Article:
Let us now examine a rather unlikely, but theoretically important, special case. Suppose that exactly 51 of the 100 farmers follow a maximizing policy, while 49 are pure "Kantians." Let us further suppose that all of the maximizers live on some local roads, while all of the Kantians live on other roads. Under these circumstances, the Kantians clearly would never be able to get their roads repaired at all, but the level of repairs on the maximizers' roads is more difficult to determine. In order to simplify the issue somewhat, let us assume (plausibly) that these roads are maintained on such a high level that all of the Kantian farmers would vote against all further repair proposals. In this case, it would be necessary to attain the approval of all of the maximizers to carry any single repair project. A maximizing farmer, considering the repair of his own road, would necessarily be forced to take into account his share in the costs of repairing the roads of all maximizers. He would have to consider the incremental taxes that he must pay in order to repair the roads of all other parties to the bargain. His calculus requires, however, only that he compare his own marginal benefits against his own marginal costs. No knowledge of anyone else's utility function is required. The individual need only decide whether the total bargain is or is not to his advantage.*14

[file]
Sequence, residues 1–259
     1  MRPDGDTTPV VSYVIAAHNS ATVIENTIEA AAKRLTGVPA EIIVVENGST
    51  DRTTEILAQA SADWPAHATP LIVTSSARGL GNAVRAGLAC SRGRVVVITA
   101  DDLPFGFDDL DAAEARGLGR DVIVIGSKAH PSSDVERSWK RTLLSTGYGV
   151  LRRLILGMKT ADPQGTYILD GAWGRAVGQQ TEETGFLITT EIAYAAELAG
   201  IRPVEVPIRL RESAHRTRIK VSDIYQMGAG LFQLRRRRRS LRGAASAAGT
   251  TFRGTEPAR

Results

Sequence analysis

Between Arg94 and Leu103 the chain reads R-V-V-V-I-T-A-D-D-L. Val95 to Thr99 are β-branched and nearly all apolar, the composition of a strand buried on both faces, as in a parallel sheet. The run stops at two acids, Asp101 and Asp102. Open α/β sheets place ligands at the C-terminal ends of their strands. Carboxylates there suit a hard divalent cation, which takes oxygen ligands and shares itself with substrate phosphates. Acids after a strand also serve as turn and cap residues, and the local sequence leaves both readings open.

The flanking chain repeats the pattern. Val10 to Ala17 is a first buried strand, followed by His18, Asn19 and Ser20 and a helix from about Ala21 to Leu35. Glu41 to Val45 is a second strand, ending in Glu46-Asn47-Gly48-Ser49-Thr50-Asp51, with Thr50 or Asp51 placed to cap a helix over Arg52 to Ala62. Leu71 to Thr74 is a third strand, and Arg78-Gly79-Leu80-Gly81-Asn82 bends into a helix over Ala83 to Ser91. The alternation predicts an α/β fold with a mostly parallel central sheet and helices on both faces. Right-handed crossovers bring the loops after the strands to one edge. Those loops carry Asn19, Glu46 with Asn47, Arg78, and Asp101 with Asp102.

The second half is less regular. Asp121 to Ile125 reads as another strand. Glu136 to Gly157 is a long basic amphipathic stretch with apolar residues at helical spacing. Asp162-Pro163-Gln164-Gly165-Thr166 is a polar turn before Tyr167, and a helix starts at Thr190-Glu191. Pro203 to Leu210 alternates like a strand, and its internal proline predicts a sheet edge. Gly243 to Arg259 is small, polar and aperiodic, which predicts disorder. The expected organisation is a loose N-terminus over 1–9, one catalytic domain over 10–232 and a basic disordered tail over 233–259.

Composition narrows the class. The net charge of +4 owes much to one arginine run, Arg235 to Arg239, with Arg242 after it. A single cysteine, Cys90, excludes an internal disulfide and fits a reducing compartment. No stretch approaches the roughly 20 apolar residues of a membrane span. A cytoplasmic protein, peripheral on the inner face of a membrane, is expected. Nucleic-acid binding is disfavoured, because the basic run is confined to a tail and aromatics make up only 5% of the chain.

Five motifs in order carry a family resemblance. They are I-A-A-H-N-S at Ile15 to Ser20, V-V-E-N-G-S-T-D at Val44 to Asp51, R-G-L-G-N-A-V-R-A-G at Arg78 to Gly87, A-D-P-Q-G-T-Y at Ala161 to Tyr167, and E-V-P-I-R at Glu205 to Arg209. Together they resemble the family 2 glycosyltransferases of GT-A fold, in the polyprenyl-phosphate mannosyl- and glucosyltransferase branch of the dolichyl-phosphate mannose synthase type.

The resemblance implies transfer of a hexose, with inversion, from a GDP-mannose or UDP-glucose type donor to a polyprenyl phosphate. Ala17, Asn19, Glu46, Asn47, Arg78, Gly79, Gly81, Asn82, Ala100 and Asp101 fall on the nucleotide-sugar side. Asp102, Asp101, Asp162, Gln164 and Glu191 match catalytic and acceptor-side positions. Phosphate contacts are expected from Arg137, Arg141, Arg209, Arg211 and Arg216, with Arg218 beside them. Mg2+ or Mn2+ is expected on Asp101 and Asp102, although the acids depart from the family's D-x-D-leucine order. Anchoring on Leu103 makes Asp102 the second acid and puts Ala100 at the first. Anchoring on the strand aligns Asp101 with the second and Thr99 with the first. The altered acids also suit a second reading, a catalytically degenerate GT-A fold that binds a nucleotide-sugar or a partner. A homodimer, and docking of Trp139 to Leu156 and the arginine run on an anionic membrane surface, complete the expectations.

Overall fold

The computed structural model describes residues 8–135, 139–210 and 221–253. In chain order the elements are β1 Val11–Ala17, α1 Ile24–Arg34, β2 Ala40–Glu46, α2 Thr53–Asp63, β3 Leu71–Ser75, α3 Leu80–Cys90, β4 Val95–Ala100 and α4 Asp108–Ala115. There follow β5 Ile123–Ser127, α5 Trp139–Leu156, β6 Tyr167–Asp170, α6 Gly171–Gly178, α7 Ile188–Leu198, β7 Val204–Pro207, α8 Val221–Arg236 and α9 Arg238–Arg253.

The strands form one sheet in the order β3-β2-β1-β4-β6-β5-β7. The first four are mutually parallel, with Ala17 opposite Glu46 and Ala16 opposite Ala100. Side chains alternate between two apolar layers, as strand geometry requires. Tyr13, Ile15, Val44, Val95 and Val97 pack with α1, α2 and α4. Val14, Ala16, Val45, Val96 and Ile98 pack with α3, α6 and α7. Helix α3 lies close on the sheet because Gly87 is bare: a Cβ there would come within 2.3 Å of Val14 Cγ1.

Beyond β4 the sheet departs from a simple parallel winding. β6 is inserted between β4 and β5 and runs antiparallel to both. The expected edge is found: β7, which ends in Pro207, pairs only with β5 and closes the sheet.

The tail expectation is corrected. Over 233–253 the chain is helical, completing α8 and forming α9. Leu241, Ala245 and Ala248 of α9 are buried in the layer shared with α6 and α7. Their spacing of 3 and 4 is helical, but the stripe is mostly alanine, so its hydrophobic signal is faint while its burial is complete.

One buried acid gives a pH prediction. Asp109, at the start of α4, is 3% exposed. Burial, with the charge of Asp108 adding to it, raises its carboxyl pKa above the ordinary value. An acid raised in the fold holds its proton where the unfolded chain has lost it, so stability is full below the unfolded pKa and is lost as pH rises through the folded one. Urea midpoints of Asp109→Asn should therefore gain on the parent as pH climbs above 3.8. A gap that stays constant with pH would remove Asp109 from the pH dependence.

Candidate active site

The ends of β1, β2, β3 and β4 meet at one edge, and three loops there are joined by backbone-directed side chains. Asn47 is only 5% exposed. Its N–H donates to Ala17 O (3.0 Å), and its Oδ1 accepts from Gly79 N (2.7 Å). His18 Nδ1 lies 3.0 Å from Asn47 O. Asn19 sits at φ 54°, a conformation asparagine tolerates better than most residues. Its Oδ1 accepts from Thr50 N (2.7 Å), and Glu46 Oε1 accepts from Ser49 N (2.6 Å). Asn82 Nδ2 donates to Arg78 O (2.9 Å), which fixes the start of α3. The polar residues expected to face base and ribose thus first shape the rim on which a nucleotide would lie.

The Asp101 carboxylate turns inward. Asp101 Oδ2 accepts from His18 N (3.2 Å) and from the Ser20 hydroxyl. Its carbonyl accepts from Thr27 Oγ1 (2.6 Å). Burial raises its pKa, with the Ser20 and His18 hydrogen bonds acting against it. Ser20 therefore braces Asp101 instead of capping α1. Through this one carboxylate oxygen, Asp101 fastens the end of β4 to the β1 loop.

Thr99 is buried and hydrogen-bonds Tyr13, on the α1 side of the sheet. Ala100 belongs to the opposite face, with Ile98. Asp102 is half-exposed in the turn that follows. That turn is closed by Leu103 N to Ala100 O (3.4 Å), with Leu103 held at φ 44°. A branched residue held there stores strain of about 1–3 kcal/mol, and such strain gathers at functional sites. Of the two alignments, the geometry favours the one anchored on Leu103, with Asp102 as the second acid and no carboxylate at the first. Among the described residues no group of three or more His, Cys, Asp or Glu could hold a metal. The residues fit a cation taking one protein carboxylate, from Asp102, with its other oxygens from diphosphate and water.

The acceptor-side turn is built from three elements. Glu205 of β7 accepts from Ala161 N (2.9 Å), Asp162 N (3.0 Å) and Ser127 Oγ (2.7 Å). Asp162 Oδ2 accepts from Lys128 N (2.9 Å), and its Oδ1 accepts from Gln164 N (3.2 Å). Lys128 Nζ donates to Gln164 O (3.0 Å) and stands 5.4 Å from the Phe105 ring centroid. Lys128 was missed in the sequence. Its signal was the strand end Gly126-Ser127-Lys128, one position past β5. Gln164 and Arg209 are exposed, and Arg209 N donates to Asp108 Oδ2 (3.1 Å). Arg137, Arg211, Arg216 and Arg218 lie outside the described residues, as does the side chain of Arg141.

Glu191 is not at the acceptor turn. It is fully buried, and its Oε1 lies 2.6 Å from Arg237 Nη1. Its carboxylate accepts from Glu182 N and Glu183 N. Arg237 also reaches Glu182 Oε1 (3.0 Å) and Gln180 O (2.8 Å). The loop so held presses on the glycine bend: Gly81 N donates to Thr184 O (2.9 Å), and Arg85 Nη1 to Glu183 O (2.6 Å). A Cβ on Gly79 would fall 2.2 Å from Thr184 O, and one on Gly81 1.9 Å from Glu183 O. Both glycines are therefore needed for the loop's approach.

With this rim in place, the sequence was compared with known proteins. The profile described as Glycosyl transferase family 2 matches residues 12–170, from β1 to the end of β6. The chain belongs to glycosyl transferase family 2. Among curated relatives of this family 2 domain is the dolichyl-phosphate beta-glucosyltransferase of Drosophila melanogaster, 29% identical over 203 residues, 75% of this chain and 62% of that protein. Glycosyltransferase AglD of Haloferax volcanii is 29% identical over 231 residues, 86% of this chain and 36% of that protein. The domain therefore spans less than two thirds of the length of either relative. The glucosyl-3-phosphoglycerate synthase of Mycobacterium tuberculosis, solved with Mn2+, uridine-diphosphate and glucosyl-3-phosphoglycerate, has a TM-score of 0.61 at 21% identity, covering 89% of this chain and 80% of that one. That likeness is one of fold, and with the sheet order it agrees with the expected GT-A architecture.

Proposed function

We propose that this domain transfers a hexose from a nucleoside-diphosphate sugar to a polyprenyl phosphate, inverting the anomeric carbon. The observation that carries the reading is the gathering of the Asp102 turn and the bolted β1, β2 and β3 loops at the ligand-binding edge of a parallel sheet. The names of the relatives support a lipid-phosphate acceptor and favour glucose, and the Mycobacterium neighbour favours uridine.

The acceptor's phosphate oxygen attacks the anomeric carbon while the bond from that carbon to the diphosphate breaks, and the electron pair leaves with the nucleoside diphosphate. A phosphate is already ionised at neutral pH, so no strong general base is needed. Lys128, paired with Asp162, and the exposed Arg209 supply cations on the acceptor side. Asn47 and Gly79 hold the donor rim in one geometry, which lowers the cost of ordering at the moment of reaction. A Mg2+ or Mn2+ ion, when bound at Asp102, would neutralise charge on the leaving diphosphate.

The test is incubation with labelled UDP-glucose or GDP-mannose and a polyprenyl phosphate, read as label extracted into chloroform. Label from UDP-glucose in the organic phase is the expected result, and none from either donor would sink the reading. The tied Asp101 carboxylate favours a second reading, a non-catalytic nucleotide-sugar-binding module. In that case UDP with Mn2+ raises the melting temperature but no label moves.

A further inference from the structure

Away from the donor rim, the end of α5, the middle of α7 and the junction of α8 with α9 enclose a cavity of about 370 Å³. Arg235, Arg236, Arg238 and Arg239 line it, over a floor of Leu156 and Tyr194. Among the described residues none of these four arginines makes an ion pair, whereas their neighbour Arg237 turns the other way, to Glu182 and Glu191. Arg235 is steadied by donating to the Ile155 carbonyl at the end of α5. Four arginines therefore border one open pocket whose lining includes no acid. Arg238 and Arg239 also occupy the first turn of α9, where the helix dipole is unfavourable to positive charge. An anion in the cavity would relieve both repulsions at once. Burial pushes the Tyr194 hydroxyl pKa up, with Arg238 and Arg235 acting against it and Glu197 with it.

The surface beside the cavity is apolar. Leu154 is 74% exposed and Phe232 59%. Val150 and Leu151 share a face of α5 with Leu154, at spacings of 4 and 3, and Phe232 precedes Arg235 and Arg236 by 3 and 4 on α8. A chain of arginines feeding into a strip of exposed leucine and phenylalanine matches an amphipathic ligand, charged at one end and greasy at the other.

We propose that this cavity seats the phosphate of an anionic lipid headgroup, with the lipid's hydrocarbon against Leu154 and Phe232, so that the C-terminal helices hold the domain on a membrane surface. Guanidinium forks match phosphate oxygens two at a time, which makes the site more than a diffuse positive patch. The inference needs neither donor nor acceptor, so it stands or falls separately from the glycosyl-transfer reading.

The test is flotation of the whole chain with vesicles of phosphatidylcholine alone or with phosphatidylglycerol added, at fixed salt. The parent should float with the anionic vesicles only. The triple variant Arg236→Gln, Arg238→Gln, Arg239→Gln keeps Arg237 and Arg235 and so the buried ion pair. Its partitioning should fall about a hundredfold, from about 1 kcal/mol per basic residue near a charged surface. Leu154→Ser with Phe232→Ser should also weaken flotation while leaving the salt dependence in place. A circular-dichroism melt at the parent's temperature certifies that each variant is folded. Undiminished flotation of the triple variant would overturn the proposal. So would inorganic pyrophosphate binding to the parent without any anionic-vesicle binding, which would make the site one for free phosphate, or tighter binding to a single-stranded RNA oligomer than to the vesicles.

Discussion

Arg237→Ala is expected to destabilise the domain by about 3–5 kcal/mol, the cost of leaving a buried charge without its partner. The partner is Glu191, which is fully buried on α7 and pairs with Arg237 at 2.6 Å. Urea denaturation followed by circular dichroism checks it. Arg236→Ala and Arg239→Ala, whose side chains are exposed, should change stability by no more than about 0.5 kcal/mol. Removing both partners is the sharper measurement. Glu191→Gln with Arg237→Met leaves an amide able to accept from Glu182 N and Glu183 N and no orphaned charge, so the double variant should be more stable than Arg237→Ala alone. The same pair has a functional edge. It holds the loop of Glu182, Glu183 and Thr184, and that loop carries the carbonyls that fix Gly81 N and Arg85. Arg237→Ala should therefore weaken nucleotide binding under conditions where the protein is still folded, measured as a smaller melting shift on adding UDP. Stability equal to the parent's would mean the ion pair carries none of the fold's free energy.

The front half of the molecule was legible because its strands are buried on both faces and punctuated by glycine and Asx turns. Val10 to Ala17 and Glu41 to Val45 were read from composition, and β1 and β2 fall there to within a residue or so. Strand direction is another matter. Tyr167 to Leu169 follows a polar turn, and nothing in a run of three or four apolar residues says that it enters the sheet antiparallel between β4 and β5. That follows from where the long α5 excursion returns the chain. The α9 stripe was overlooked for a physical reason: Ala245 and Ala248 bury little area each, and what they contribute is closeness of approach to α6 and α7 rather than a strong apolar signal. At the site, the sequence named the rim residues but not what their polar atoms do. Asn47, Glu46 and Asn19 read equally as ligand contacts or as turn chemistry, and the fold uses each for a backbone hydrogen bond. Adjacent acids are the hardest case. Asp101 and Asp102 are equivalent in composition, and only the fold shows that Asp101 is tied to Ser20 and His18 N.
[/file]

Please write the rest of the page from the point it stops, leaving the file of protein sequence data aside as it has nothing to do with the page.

For the Kantians, note that, while no roads leading to their own farms will be repaired, they will be required to contribute toward the repair of the roads leading to the farms of the maximizers. Thus, a part of the total repair costs in the township will be paid by persons who are not parties to the decisive bargain, and, since the maximizers count only the costs to themselves when they make voting decisions, the general standard of road maintenance on the roads of the maximizers will tend to be higher than it would be if the Kantians were also included in the calculus. Under such conditions as these, where "virtue" so conspicuously would not pay, it seems likely that at least some of the Kantians would decide to switch to a maximizing policy. For simplicity, let us assume that they all do so at the same time. Since these reluctant maximizers would still be in a minority, their changes of heart would not immediately redound to their private benefit. However, it might be relatively easy for this minority, acting as a coalition, to find two of the original maximizers who would, in return for a promise of very good maintenance on their own roads, desert their former colleagues. It is again obvious, however, that the new majority would now be equally susceptible to similar desertions. A permanent coalition of 51 farmers formed for the purpose of exploiting the remaining 49 could not be considered to be stable in the usual sense of this term. In the terminology of game theory, which we shall use in the following chapter, any combination of 51 voters dominates any combination of less than this number, but no combination of 51 dominates all other combinations of 51.*15